:: Mykeon ::

Ica    Mykeon    Mekoneon    Glaukion    Baetyl    Palaikastro    Psychro    Glaucos Dream    epiphanion

:: 2011 :: 30cm x 82cm :: Acrylics, Inks & Markers on Canvas ::

In 2008 I wrote an essay on the Minoan conception of the labyrinth in which, among other things, I posited that the labyrinth was associated in part with the ritual use of a psychedelic mushroom (stropharia cubensis). I have since revised this view. Archaeological researches have in fact revealed evidence of mushroom use in Bronze Age Crete, but curiously the mushroom-shaped artefacts are only associated with a few particular sites - especially Agia Photia in the east of Crete. These few sites are thought to be Cycladic colony towns and cemeteries on Minoan Crete and it appears that wherever Cycladic folk settled on Crete they brought their mushroom cult. I have found no evidence of any ritual mushroom usage from sites on Crete that were purely Minoan, or where Cycladic peoples were absent.

This is interesting: the Cycladic islands are small and verdant enough to support a small-scale mushroom cult, but an island as dry and as large (and as urbanised) as Crete probably couldn't support a large, centralised urban mushroom cult such as the labyrinth hypothesis that I theorise might imply. Hence, Mykeon, in which we see a Cycladic mushroom deity imbibing the stropharia spp. It would be interesting to know whether the Bronze Age archeaeology of Cycladic islands such as Keos, where there were important ritual centres, supports this view that Cycladic peoples brought a mushroom cult to Minoan Crete, but that it didn't transmit to the Minoans themselves, although the possibility remains that small-scale use persisted in villages outside of the urban centres on Crete.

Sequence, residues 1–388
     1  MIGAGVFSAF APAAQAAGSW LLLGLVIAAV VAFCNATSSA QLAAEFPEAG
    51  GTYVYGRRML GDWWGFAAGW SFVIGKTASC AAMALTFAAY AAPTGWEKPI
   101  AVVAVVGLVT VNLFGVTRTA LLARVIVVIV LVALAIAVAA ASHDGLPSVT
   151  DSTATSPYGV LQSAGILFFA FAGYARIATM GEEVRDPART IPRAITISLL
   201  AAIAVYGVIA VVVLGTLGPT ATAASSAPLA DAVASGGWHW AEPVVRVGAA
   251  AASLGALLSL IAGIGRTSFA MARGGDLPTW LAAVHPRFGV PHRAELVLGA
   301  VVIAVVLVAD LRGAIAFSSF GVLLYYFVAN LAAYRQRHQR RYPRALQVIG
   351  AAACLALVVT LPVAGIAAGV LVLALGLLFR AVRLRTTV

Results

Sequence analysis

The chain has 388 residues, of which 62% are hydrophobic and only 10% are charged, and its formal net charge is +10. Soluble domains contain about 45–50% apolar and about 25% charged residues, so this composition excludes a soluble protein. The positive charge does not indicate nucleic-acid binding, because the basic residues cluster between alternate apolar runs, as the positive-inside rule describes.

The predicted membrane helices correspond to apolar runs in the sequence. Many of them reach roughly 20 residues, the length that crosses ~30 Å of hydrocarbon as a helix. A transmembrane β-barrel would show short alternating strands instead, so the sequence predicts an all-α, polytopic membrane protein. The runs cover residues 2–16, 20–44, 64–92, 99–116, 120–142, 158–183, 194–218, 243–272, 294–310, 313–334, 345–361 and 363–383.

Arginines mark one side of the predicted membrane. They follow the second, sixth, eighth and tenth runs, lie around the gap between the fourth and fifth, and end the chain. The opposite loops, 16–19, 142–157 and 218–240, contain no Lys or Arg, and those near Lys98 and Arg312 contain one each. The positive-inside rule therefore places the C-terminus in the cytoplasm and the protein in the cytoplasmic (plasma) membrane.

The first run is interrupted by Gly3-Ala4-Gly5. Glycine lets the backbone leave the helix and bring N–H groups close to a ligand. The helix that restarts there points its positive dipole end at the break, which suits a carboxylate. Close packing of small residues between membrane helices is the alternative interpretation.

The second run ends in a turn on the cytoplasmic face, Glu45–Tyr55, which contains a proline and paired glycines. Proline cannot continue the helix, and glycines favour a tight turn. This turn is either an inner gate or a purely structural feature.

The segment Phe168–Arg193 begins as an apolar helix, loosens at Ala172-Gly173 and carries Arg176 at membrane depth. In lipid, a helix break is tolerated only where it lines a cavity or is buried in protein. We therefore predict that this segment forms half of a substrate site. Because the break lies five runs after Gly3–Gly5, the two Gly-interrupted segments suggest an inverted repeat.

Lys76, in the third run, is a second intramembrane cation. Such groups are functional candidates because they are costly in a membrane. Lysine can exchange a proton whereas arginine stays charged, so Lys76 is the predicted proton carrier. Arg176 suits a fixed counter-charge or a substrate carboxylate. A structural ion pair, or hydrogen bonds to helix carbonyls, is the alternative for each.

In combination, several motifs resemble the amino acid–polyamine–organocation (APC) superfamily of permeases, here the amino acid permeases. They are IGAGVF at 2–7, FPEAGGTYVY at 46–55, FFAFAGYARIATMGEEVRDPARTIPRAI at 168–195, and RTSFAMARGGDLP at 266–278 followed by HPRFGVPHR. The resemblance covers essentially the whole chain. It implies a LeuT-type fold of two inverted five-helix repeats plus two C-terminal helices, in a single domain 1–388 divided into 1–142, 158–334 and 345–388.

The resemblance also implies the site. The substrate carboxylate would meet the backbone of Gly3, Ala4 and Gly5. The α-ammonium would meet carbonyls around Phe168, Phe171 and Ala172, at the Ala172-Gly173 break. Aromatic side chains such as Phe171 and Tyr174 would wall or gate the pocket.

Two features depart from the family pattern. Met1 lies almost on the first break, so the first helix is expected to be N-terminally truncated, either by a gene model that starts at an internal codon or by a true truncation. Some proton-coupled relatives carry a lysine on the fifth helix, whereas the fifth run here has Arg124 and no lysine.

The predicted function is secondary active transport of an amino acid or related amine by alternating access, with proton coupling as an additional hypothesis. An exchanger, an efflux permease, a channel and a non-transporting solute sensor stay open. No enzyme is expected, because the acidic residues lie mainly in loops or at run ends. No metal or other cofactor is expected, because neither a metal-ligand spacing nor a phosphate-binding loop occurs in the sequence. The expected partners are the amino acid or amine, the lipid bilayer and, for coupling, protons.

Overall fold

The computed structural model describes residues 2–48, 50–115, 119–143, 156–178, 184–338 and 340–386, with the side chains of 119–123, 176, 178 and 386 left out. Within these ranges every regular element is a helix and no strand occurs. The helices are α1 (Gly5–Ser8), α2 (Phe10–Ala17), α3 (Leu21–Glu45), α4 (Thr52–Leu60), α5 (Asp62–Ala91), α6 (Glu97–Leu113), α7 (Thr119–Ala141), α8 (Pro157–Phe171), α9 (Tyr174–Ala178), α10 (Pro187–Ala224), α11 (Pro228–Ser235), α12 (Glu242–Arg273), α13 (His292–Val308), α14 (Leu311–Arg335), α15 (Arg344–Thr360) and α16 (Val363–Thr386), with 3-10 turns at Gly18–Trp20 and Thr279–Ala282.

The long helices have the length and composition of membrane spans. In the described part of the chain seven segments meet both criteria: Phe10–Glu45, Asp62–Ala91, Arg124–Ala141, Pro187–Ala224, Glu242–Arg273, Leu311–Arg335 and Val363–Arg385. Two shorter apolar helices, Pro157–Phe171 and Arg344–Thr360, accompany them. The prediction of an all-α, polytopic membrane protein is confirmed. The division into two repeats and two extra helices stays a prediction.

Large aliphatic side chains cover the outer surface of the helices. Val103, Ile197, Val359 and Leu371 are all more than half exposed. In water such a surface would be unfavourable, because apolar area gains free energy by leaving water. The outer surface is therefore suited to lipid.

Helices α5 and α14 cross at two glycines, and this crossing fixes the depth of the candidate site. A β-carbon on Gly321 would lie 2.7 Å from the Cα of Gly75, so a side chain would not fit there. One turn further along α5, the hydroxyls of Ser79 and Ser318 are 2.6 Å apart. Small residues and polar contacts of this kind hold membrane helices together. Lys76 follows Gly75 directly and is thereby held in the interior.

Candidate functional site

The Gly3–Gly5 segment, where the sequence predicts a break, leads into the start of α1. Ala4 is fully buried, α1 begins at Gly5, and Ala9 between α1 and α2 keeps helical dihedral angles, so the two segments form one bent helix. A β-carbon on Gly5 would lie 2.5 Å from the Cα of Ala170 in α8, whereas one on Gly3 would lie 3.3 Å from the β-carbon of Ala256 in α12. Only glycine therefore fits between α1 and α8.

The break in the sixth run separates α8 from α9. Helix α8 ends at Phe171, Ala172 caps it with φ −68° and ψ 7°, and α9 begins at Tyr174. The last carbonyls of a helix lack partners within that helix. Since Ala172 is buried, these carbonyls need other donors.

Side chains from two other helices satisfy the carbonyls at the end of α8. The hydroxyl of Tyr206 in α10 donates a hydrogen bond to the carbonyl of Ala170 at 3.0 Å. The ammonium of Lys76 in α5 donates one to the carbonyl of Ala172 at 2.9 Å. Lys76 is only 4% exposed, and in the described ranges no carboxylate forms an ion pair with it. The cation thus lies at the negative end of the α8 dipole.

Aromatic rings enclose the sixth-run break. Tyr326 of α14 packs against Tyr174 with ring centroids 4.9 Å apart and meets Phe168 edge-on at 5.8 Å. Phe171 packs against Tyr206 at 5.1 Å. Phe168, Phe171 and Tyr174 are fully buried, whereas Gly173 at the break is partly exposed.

Copyright (c) 2002-2023 Bruce Rimell : All images, artwork, and words on this site
are copyrighted to Bruce Rimell and may not be reproduced in any form unless stated otherwise.